Charities Supporting Those Affected by WarPosted: 13 Apr 2022
At any time of crisis there’ll be no shortage or people and organisations asking for your help – but where should you look to find out how or where to best to lend support?
Whether it’s the conflict in Ukraine, Covid-19, climate change or any other disaster or emergency response scenario requiring swift and ongoing humanitarian aid, there are a wealth of charities and organisations ready and willing to head straight for the frontlines or wherever their help will be most valuable. As individuals, we may all want to play our part in supporting those efforts, or simply following their continued work to help keep track of the evolving situation.
However, with a lot of names and organisations being actively promoted, it can be hard to know where you should be focusing your attention. Social media obviously broadens the scope beyond the likes of TV and newspaper appeals and so it can feel like an impossible task to choose one over another – and, of course, it does also open up the potential for those with less honourable intentions seeking to profit from the tragedy.
Certainly those operating on a global scale, such the Red Cross and Save the Children, will have a largely recognisable profile that you may well be familiar with. However, you may also find regional or local charities that seem to be doing great work but without the same resources for to get their message across – so how can you tell who to support… or who to trust?
Similar to how you might want to verify your news sources, there are a few things you can do to make sure your money is going to a good cause. Firstly, check their online presence. A clear and detailed website should be a given (charities commonly use a .org domain name, but it’s not a requirement), and it should also provide contact details including an office address (that you can check is real via Google Maps) and a contact phone number (that’s not a mobile!).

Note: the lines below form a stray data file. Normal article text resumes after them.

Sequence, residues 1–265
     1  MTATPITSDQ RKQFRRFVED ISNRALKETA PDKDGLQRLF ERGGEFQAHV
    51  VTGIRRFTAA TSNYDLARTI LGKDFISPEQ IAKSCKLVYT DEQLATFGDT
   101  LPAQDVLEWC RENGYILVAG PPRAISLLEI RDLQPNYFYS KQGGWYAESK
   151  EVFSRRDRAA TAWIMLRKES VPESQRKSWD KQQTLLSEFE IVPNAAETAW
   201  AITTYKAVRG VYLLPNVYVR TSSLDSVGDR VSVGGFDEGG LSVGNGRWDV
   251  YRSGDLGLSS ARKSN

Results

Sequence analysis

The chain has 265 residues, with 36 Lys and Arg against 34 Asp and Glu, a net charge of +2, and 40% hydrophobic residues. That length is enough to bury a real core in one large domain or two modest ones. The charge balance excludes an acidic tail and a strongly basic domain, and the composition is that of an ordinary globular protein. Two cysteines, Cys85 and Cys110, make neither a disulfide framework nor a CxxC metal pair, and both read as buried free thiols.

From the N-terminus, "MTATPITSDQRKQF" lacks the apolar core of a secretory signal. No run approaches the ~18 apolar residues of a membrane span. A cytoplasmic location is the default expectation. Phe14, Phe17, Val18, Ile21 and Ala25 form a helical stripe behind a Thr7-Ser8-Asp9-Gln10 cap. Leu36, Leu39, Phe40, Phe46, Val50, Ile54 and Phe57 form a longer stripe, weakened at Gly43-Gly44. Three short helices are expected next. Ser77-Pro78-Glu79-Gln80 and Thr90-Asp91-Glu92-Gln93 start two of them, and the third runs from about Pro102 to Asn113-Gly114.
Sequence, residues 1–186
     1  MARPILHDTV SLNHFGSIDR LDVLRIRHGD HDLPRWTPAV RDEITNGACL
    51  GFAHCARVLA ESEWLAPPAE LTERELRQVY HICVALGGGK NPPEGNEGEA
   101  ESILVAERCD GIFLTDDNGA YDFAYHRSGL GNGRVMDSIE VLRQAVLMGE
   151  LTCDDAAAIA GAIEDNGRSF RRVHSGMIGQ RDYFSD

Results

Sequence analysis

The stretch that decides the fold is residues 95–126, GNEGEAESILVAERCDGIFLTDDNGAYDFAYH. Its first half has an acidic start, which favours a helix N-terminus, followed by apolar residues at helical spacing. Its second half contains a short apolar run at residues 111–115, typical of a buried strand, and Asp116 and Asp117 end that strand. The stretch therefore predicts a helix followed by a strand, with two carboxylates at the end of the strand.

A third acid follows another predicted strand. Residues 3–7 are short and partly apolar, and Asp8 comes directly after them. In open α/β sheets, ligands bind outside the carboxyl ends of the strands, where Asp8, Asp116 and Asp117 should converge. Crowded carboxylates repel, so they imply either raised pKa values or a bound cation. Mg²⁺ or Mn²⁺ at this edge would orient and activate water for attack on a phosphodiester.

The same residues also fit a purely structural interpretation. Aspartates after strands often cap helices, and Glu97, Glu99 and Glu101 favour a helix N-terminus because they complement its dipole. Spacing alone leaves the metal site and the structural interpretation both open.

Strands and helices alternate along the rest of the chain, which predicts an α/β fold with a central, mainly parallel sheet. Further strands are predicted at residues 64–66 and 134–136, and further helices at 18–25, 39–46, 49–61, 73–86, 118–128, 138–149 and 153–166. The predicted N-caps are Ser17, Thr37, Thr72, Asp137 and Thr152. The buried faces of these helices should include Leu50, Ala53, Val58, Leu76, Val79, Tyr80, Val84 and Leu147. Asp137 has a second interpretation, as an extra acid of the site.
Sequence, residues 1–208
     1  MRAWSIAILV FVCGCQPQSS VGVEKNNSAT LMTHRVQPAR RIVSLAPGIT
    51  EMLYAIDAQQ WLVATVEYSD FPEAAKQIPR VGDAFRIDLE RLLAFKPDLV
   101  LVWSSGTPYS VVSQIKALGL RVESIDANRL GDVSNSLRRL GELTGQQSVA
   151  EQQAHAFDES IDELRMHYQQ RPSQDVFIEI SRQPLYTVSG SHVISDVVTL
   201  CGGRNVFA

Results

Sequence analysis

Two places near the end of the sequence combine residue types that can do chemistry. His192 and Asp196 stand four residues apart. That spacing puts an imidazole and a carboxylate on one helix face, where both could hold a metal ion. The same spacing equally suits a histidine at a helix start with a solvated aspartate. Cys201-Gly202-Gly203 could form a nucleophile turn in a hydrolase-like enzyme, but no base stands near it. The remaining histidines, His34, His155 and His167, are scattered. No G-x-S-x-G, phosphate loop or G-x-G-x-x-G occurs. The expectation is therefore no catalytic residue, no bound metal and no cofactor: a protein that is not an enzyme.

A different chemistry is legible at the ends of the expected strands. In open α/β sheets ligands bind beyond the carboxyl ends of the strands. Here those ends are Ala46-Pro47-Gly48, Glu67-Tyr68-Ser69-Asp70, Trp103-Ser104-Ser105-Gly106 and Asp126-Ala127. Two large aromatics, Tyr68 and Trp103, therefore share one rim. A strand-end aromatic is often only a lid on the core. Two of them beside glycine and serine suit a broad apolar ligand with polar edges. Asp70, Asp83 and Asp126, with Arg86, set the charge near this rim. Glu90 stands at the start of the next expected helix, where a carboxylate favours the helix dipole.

You can also look it up through the Charity Commission for England and Wales, with similar sites for Scotland and Northern Ireland, but bear in mind that some smaller charities may not be registered, while other non-profit organisations working under different rules may not be either.
For added peace of mind, you can also check for references to the charity from other related websites or search for proven examples of its charitable work, such as blog posts or news stories from a trusted source. Some fake sites may copy and paste content from creditable sources so they look active, but they should be easy to spot with frequently inconsistent or out-of-place references. If you’re in any doubt at all, then it’s probably best avoided, and you can instead look at some of the more recognised names, such as…
The Disasters Emergency Committee
Launched in 1963 the DEC currently brings together 15 leading UK aid charities in a combined effort to raise funds quickly and efficiently at times of crisis. By pooling their resources, the DEC and its members can provide an essential part of the UK’s response to any ongoing crisis. It also houses a Rapid Response Network made up of national media outlets and corporate partners to help raise the alarm and spread the message during times of need.
You may well have seen its name and website (www.dec.org.uk) listed on many charitable appeals, and you can be sure that any donations made through it will be redirected to where it’s needed the most. Alternatively, you might want to support one of its members directly, to help target your support in an area that matters the most to you.
Action Against Hunger:
Action Against Hunger is an international charity committed to saving the lives of malnourished children and supporting their families to beat hunger It is currently reaching out to 46 countries, including the ongoing situation in Ukraine as well as events in Afghanistan, Syria and more.
Action Aid is an international charity that works with local women and girls to end violence, tackle poverty and fight for women’s economic rights. As women are more commonly more affected during disasters and emergencies (with violence against them also increasing), Action Aid looks to empower local women to lead the response.
Age International (a subsidiary of Age UK) is here to make the world a better place for older people in some of the world’s poorest places. It seeks to reduce poverty and improve health, while promoting rights and responding to emergencies, including the conflict in Ukraine and the Covid-19 pandemic.
British Red Cross: